The Cowboys, God bless their generous hearts, managed to leak their draft board for the fourth time in 12 years. Apart from confirming what we already knew - the Cowboys are a circus, and some might even say a clown show - there are some takeaways from those four boards that are worth looking into a bit deeper, especially in the context of this year’s draft.
But before we go there, let’s first take a look at the first 34 names on this year’s draft board, with a hat tip to a bunch of enterprising Twitter Cowboys for the first 16 names, and a huge hat tip to Jon Machota of The Athletic for the remaining 18 names.
|4||Garrett Wilson||Ohio St.||WR||10||NYJ|
|6||Derek Stingley Jr.||LSU||CB||3||HOU|
|8||Kyle Hamilton||Notre Dame||S||14||BAL|
|9||Ikem Ekwonu||NC State||OT||6||CAR|
|12||Charles Cross||Miss. State||OT||9||SEA|
|15||Chris Olave||Ohio St.||WR||11||NO|
|19||Breece Hall||Iowa State||RB||36||NYJ|
|20||Kenyon Green||Texas A&M||OG||15||HOU|
|22||Zion Johnson||Boston College||OG||17||LAC|
|27||Jahan Dotson||Penn State||WR||16||WAS|
|28||Jermaine Johnson II||Florida St.||DE||26||NYJ|
|30||Arnold Ebiketie||Penn State||DE||38||ATL|
Before we delve into the specifics of the board, here is what we already knew before the board was deciphered:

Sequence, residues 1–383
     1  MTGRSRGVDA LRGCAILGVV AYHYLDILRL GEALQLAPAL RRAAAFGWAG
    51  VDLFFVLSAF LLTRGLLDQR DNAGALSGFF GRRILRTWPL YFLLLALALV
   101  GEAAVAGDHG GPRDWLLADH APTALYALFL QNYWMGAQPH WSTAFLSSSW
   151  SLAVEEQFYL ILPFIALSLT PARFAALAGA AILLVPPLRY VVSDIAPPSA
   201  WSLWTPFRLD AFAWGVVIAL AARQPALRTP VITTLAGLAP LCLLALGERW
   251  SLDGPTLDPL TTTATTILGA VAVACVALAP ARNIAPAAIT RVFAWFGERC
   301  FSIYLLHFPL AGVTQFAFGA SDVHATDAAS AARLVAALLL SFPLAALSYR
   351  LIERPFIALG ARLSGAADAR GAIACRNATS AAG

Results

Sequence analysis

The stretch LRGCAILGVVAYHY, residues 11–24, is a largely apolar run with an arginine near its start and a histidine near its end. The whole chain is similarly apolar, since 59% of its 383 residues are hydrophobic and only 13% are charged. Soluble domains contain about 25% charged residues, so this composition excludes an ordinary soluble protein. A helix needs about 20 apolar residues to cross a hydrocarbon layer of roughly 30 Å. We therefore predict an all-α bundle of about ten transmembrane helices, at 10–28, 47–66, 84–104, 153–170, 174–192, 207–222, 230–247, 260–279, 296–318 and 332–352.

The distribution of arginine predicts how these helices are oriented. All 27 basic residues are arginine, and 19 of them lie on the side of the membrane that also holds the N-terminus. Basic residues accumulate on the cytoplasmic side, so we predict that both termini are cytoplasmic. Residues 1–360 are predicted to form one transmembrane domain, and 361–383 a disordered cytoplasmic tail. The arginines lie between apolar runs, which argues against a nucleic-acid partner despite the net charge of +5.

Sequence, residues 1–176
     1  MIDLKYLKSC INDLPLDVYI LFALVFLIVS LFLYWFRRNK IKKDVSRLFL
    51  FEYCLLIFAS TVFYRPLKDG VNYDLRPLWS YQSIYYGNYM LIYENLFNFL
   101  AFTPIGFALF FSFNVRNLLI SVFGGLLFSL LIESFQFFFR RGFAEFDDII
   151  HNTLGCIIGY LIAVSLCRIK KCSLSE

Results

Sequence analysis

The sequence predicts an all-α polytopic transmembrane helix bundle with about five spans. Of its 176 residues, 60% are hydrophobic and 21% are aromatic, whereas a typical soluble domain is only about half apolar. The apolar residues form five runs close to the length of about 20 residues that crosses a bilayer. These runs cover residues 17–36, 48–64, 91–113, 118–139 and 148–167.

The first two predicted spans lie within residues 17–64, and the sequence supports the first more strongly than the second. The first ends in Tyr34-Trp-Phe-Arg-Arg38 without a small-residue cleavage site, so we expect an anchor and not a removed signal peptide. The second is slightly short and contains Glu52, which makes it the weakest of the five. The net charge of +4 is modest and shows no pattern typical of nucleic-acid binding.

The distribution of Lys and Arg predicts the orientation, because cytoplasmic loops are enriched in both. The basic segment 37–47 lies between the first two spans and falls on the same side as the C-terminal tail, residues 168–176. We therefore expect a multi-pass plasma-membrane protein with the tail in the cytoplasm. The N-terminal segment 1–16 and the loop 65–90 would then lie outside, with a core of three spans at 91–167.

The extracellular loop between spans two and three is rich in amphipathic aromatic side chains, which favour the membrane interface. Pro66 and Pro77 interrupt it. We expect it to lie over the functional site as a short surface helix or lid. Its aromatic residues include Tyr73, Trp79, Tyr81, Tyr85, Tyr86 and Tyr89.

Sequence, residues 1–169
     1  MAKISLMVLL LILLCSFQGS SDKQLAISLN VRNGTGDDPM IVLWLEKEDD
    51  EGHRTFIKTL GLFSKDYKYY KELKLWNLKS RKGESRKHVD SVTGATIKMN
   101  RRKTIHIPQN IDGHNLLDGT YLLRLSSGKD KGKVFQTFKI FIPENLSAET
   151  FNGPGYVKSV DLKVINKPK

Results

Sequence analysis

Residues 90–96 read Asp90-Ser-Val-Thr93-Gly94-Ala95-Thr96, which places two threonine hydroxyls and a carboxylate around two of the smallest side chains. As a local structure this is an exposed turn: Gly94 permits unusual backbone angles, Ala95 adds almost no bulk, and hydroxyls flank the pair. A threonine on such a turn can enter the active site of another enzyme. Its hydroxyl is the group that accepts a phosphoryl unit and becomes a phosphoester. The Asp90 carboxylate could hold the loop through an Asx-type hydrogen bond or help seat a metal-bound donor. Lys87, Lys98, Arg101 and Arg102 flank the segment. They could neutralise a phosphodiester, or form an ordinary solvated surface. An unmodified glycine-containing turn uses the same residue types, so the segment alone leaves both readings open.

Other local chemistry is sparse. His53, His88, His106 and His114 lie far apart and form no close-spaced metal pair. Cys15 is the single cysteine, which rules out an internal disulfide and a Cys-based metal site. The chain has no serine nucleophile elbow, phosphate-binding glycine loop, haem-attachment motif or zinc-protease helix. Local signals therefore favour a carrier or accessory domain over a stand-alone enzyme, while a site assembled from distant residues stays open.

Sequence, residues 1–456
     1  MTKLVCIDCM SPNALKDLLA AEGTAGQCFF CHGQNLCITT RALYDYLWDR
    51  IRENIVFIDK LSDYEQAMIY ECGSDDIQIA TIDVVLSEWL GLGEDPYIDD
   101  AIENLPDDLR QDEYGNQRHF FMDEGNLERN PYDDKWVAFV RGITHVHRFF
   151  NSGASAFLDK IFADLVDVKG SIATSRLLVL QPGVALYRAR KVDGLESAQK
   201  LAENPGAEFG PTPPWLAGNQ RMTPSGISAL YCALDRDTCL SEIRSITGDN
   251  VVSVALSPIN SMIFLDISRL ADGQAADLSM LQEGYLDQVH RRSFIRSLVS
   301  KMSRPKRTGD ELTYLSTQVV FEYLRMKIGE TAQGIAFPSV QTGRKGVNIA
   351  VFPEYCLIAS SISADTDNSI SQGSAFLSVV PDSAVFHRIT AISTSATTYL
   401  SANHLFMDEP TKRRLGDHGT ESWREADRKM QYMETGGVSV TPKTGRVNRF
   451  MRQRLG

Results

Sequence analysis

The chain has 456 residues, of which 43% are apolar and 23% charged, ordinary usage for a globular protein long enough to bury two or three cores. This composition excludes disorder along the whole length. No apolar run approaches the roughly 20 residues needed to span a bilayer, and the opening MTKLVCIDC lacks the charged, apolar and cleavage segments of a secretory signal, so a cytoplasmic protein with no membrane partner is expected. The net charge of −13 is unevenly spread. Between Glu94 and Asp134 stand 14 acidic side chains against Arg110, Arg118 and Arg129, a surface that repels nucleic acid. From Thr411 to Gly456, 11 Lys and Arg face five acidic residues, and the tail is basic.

- At the end of March, Jerry Jones said, “Famous last words: We’ll get [an offensive lineman] unless Lamb or Parsons is there.” Which is exactly what they did.
- Two days before the draft, perhaps trying his hand at some subterfuge, Stephen Jones said the Cowboys had 14-16 first-round graded players on their board. After the first round, Stephen Jones clarified that number and specifically mentioned 14 first-round grades. Which is exactly the amount they had.
- In the press conference after the first round, Jerry Jones flashed the draft board and explained that the Cowboys had Tyler Smith ranked 16th, and the two guards (Green & Johnson) ranked below him. We now know this to also be true.
Taken together with what we’ve seen from previous draft boards, there are a couple of key takeaways from this: